the final two shows at the glassworks playhouse are in the books. the softly, house will be holding its last extravaganza on friday, and my departure from involvement with the hudson house is very imminent. naturally, it’s time for some reflection. house shows and house parties are nothing new in any town, especially not eau claire. the diy scene here may fluctuate in prevalence on a year-to-year basis, but there is never a marked recession. last school year was my first exposure to the inner workings of the eau claire music scene, and it was a fairly slow learning process. from what i gather, private performance spaces were scant; pussy haus hosted a handful of shows before permanently shutting its doors, and the short-lived camomile lawn played host to a couple of intimate living-room performances. as i navigated the performance options for my fledgling band, i discovered that the only other places to play were the music venue on campus – which often requires booking months in advance – and a handful of bars around town.
the latter of these two public spaces underscores a prevailing problem with the music scene in eau claire: the decided lack of free, all-ages venues around town. my bandmates and i were all under the age of twenty-one when we began playing bars – the only venues available to book with a decent turnaround time – and most of our friends couldn’t legally drink, either. turnout from our fan base was never very high. things began to change in the summer of 2013. we moved into an old, turn-of-the-century house with an enormous living room perfectly suited for house shows, and our new friends in softly, dear opened up their basement as a performance venue as well. right alongside us were the kids from glassworks, a long-form improv trio whose routines compliment musical acts quite nicely. they had also rented a house together, and proceeded to turn their basement into the glassworks playhouse.
simply put, i don’t think there is a concrete number available for the amount of shows that took place at these three venues over the past year. i will be the first to admit that the hudson house hosted few in comparison (additional hiccups occur with ground-level performances and elderly neighbors), but we averaged about one a month. what was true across the board, regardless of venue, was the overwhelming turnout and continuous positive reception that surrounded each show. common sense may dictate that the best times to host shows would be during the weekend, but forty people were just as likely to pack a basement on a tuesday night as they were on a friday night.
part of the draw was the tremendous fortune we often had of having out-of-town bands join the bills. most hailed from southern wisconsin or the twin cities area and were passing through on tour, but occasionally we connected with artists from as far away as florida (see: austin miller). on a very basic level, this fused a pleasant amount of contrast into our own local scene, but positive references from many of these bands caused the house show circuit’s stock to rise significantly. a large tip of the hat is in order for the networking skills of alex adkinson, dave power, and johanne swanson, all of whom actively sought out or enthusiastically referred acts to play at one of the venues in town.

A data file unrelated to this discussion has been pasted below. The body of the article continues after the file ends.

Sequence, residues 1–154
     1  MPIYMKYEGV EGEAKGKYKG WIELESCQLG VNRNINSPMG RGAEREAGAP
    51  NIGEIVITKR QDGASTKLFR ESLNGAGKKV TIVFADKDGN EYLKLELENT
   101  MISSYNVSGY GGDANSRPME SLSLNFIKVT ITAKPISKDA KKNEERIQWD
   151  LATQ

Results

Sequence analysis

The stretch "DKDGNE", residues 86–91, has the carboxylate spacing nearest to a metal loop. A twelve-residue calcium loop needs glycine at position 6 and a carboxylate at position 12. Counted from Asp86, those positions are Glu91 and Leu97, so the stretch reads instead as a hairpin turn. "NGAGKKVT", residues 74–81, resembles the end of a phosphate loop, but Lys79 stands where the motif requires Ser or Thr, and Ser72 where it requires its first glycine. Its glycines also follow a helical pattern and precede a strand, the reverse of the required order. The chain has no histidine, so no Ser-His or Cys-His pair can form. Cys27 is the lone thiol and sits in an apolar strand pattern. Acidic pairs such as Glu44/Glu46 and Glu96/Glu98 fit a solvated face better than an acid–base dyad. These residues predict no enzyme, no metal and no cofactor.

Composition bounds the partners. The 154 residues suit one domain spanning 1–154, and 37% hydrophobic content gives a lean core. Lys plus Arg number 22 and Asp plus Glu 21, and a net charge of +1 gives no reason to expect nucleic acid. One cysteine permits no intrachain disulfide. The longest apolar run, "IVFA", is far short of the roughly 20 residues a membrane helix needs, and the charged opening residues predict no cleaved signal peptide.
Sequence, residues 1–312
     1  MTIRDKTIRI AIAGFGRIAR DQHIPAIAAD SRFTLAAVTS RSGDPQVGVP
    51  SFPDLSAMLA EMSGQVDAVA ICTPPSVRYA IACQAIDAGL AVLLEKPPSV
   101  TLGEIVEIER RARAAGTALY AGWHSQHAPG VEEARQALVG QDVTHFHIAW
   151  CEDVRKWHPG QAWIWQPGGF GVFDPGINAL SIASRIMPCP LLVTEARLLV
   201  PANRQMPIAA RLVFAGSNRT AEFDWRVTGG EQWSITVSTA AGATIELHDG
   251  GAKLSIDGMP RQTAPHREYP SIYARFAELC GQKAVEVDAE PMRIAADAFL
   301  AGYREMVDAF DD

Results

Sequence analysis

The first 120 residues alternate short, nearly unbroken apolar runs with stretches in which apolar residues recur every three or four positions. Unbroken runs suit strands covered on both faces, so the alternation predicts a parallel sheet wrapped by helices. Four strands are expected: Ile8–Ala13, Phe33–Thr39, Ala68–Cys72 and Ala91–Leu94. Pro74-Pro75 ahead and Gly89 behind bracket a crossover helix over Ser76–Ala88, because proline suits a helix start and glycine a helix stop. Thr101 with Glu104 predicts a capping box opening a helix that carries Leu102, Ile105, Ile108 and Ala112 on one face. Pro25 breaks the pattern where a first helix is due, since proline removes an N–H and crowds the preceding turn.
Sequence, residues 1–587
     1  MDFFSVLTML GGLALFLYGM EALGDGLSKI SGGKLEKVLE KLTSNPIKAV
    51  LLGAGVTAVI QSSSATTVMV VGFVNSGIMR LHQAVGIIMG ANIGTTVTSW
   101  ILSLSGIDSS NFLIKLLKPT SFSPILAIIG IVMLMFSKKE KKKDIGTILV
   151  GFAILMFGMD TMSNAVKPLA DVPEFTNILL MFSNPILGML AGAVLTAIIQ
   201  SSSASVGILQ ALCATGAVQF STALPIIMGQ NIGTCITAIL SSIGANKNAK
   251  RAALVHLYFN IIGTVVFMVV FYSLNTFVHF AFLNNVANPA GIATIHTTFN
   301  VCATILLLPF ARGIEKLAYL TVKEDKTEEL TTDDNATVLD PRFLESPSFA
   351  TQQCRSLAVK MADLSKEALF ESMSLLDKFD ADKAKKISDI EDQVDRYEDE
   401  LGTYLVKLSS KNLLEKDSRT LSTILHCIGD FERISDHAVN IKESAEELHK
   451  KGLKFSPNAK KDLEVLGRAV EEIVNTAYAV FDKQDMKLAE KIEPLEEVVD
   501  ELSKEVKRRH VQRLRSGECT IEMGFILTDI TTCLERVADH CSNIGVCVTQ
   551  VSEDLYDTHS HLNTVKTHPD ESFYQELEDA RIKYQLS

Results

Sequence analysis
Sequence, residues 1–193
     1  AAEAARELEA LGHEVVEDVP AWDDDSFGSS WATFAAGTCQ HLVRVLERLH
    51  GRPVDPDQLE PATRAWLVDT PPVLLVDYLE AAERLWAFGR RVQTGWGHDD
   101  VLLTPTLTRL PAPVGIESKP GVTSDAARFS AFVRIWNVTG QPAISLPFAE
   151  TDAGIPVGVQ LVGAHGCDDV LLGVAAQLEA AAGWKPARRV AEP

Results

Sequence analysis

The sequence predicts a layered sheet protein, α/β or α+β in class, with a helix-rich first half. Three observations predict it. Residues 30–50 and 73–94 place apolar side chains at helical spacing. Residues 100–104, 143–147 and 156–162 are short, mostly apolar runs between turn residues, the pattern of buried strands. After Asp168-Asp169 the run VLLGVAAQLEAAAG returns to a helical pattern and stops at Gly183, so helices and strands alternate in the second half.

perhaps most importantly, the house show scene in eau claire built a sense of musical camaraderie over the past year that i’ve never experienced before, and may never again. each show knew no genre limitations; it was just as likely to feature one of the many local electronic artists as it was to happen upon purveyors of hip-hop, or any of the bands playing their own unique brand of indie rock. further underscoring this diversity has been the constant support and promotion artists give to one another. i was also personally exposed to a lot of music i don’t think i would have found in any other fashion, such as hannah hebl‘s soulful output, the off-kilter art rap of sayth, and the intricate folk-tinged music provided by rivers.
i’m still blown away by the amount of effort that continuously went into building and sustaining this microcosm over the past year, and i’m glad i was able to play a small role. armed with nothing more than facebook events and word-of-mouth dissemination, house shows in eau claire became an excellent outlet for musicians to perform in a free, all-ages location. over time, the tagline “message for address” became almost a formality; even if the exact numerical assignment wasn’t known, many people could pick out the unassuming houses for what they really were: a performance space. i’m certainly not the voice of everyone who’s participated in this community – my opinion is just one of many – but the consensus has always felt very positive.
while the house show scene here in eau claire will inevitably slow down after the closures of both the glassworks playhouse and the softly, house, it won’t grind to a halt. the hudson house will continue to serve as a performance space, and already has some upcoming shows in the works. just as an example, emily reo and cuddle formation will be stopping by in the middle of june, a show that should be attended at all costs. furthermore, the guys from glassworks have plans to rent a new house together after they return from tour this summer, and hope to host shows through december of this year. hudson street boutique, the eau claire-oriented tumblr offshoot of dimestore saints, will continue, and i’ll be posting information on as many local shows as i can via the site’s twitter handle. eau claire will always be on my mind, especially after i move away. there are too many bands to acknowledge and extend gratitude to individually, so i hope a blanketed thanks will suffice. you all know who you are. seriously, thank you.